My artist of the year, singer-songwriter David Tetz, encompasses these traits more so than any other artist I’ve seen this year.
He performs his songs acoustically, usually with violinist Jordan Belardes in tow, under the name David T8tz; performs rap under the name NineFingers (whose single "Where the Water Meets the Earth Beneath the Sky" is my favorite release of the year); and both under the banner David T8tz the NineFingers. Heck, he sometimes dons a cowboy hat and performs his songs in a Johnny Cash, low baritone style under the name Old McCloves.
Not only are the performances all good — sometimes shockingly so — they have gravity. Tetz is a fearless performer who can range from devastating intensity to heartbreaking intimacy without diluting any of his music’s emotional power. I once asked him who his inspirations were and his answers were all athletes. He plays like a focused competitor but with the vulnerability of a man broken and put together, the seams still showing — sometimes bleeding.
“Pack Thy Secrets Deep,” his 2017 album as David T8tz and His Lovely Friends, is an autobiographical retelling in four acts (Destruction, Numbness, Grief, Acceptance) of the wrecking of his family by drugs and his own resulting battles with PTSD (notice the first letters of each word in the album’s title). It’s not easy listening (by contrast, his delivery as NineFingers can be quite smooth) but unforgettable and rewarding.
Tetz is is the epitome of our local music scene: tenacious, creative, prolific, hardworking, unpredictable and constantly striving to communicate no matter who is there to listen.
"Pack Thy Secrets Deep" can be heard on Spotify and available for purchase on Bandcamp.com. The NineFingers releases are currently only on Spotify.
Izzy and the Fins’ Christmas Concert, 7 p.m. Thursday, Ovation Theatre, 1622 19th St. $10.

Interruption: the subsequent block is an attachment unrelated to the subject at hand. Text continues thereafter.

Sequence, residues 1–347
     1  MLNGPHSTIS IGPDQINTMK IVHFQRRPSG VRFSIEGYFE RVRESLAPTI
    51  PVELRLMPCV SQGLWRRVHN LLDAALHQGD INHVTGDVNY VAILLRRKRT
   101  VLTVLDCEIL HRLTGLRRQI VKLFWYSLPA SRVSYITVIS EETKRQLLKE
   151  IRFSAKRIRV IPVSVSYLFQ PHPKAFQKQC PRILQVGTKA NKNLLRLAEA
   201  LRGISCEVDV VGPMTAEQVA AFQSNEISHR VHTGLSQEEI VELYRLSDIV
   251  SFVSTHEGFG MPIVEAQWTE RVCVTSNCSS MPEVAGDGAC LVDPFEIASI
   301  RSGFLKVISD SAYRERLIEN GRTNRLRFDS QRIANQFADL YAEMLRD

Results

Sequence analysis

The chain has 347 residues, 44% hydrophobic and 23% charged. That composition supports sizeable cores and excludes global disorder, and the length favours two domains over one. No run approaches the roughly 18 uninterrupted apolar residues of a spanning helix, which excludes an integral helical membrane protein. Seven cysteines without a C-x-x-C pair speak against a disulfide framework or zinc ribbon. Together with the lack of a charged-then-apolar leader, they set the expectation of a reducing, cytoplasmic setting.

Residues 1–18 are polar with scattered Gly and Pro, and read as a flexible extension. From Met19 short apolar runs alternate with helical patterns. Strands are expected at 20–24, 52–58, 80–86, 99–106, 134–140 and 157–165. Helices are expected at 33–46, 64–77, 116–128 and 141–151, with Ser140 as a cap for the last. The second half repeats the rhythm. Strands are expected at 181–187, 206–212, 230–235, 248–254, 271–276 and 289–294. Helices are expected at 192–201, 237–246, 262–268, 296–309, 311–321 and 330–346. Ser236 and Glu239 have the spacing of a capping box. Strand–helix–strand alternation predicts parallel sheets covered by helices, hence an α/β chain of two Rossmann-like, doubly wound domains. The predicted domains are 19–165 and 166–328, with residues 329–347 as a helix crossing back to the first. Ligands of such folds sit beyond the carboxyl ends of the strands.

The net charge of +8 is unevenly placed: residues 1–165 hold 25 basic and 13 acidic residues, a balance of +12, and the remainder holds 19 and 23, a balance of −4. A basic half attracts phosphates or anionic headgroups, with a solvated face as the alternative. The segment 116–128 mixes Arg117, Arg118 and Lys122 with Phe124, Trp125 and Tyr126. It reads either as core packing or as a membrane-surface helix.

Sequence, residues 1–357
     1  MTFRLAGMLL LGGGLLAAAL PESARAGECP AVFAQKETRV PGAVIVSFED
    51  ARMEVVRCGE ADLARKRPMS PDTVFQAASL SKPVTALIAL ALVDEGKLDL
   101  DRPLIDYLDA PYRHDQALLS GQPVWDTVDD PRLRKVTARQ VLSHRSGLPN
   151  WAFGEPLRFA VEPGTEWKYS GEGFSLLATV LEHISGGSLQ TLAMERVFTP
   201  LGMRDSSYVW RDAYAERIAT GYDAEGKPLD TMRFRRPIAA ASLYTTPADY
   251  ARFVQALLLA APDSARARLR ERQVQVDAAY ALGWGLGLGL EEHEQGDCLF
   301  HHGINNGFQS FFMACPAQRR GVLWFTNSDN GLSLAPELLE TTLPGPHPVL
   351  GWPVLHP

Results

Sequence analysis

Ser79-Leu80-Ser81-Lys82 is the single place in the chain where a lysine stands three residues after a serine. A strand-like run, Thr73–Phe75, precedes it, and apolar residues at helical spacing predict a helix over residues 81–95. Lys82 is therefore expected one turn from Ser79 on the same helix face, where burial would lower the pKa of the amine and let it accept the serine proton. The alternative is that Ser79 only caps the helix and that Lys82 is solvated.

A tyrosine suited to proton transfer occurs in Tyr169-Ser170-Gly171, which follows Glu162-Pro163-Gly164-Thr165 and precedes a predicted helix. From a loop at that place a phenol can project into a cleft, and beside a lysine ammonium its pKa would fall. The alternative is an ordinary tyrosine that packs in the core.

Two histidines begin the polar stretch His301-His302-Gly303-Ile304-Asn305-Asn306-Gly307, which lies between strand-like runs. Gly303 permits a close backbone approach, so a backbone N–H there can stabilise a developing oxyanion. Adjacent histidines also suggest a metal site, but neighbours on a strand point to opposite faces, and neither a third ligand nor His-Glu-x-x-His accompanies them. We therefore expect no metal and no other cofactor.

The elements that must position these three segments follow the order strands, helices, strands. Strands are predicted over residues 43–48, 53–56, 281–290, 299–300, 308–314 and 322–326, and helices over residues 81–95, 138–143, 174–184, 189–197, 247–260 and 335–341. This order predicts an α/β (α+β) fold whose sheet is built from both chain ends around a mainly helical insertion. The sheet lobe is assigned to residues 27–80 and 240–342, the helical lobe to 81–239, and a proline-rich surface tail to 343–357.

Orphan Jon Recording Live, 8 to 11 p.m. Saturday, O’Hennings Bar, 1312 Airport Drive. Free.
Isaiah Morfin and his band, Izzy and the Fins, will play the Ovation Theatre on Thursday, performing a selection of jazzed-up Christmas music in an all-ages show. The theater setting is perfect for Morfin and his able band to really dig in and get into the moods of the pieces that can swing from merry to pensive to soulful, while retaining the right amount of solace. Keyboardist Tony Rinaldi will add a bedrock of synthesizer padding while guitarist Nick Gonzales, Morfin’s saxophone, vocals and Jess Ardray’s secondary vocals give the music its proper weight.
And over at O’Hennings on Saturday, "Orphan" Jon English — whose band has been on fire lately — will perform a set that will be recorded live with selections of it going on an upcoming EP release.
The band is poised to have a bonkers 2020. Besides an upcoming EP for Rip Cat Records, the group will perform at a showcase concert in Memphis in late January and embark on a national tour in April. Whether you’re a fan of the blues — and these guys are killer — or a fan of the band itself, this is the perfect time to see them perform and get a piece of yourself cheering them on, on the record.